Announcement

Collapse
No announcement yet.

High School Wrestling - Diet Strategies (Skiploading?)

Collapse
X
 
  • Filter
  • Time
  • Show
Clear All
new posts

  • High School Wrestling - Diet Strategies (Skiploading?)

    I lived & breathed wrestling in high school.....ended up doing fairly decent (top 8 at 171 lbs in PA....the mecca of high school wrestling) and even briefly extended my career in college until my engineering major caught up to me. After college, I coached for 3 years before things got too hectic.

    Most wrestlers (and their coaches) aren't exactly known for smart diet techniques. Usually, most guys starve themselves to make weight, drop a bunch of water weight a few days leading up to the match, end up gorging themselves after a weigh-in because they're famished, and repeat the process before next match. It's stupidity. I did it.....I didn't know any better.

    I remember weighing 183 lbs before a friday afternoon practice one day. Saturday we had a big match scheduled, and weigh-ins were around 9am. There was supposedly a "stud" at 171 lbs, so my coach asked me if there would be anyway possible of making 171 lbs by the next morning. So, I threw on the garbage bags (which is now illegal) and sweats, dropped 7-8 lbs during practice, went home and ran, ate a few ice cubes for supper, got up in the morning and ran again, and made weight. The problem was that the stud was up at 189 lbs....oops. Yeah, I wrestled him ....I dropped 12 lbs overnight.....and beat him with a takedown with 1 second to go. I literally almost collapsed coming off the mat.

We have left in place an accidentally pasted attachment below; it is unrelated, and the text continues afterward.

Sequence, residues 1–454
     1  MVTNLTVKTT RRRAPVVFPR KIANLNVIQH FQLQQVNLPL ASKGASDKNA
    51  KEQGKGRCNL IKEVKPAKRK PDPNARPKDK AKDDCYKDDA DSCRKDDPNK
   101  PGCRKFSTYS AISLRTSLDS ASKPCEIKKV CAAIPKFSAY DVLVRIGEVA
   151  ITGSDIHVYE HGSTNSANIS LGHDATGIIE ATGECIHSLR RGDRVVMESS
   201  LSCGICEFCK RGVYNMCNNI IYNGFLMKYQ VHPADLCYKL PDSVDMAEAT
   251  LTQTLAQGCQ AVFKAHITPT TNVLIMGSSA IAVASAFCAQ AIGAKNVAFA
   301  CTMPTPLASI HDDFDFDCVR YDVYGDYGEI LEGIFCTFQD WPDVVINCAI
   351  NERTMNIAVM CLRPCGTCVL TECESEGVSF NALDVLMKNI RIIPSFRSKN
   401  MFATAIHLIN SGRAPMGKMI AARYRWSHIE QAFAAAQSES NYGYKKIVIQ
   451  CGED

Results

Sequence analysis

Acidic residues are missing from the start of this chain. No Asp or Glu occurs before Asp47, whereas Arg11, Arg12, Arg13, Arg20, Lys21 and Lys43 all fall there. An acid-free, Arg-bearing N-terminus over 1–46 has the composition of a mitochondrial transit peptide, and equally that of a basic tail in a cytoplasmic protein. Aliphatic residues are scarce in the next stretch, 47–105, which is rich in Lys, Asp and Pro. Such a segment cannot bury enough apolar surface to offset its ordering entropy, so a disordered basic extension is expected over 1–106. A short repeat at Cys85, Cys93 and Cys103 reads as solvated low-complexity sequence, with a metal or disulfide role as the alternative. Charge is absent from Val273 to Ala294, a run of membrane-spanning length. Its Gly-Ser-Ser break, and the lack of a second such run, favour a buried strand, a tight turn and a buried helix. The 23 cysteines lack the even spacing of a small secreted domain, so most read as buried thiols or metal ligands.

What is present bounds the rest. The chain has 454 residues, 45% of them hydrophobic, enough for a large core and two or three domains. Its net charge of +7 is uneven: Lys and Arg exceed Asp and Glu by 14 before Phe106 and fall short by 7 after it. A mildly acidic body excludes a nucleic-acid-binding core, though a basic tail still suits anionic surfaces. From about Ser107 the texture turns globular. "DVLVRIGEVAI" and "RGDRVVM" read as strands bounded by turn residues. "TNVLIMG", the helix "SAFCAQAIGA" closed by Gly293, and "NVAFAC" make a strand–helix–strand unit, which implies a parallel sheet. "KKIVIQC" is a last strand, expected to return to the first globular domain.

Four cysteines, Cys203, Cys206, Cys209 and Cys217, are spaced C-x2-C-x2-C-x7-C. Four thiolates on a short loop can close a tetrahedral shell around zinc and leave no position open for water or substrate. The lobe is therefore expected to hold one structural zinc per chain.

Now, my younger brother coaches the local high school team. He's asked me to try and come up with some general guidelines in regards to diet and hopefully get these kids on the right track when it comes to nutrition. (Yes, I know, good luck with that.) I'm thinking that a diet approach that incorporates some type of periodic refeed is needed since wrestlers exert a TON of energy at practice, and therefore are extremely depleted quite often. It's tough though, since the schedule varies so much.

    Common sense tells you that a wrestler should start the season already near his goal weight. Fat loss takes time, so trying to scramble and drop a bunch of weight in the 2 weeks of preseason isn't going to get you anything except dehydration. So, this part is a given. (This advice will mainly be geared to a dedicated individual who already has done the leg work during the summer. If you show up fat to start the season, there's not much that can be done quickly.)

    However, the schedule is all over the place. Sometimes there's 2-3 matches through the week, sometimes there are tournaments on the weekends that last 1-2 days (must make weight on both days), etc. So you can see why trying to lay out a diet plan would be difficult. The diet plan must be flexible for this reason.

    I'm a big fan of Skiploading. However, I'm not sure something like this would be possible with this type of schedule. I guess as long as you have enough time to baseline again (3-4 days) you'd be fine, but that's not always possible......and it may remain like that for a few weeks, making it hard to get a proper refeed fit in somewhere.

    Perhaps a smaller, more traditional (and boring), and maybe more frequent (2 per week) refeed would be more appropriate for something like this?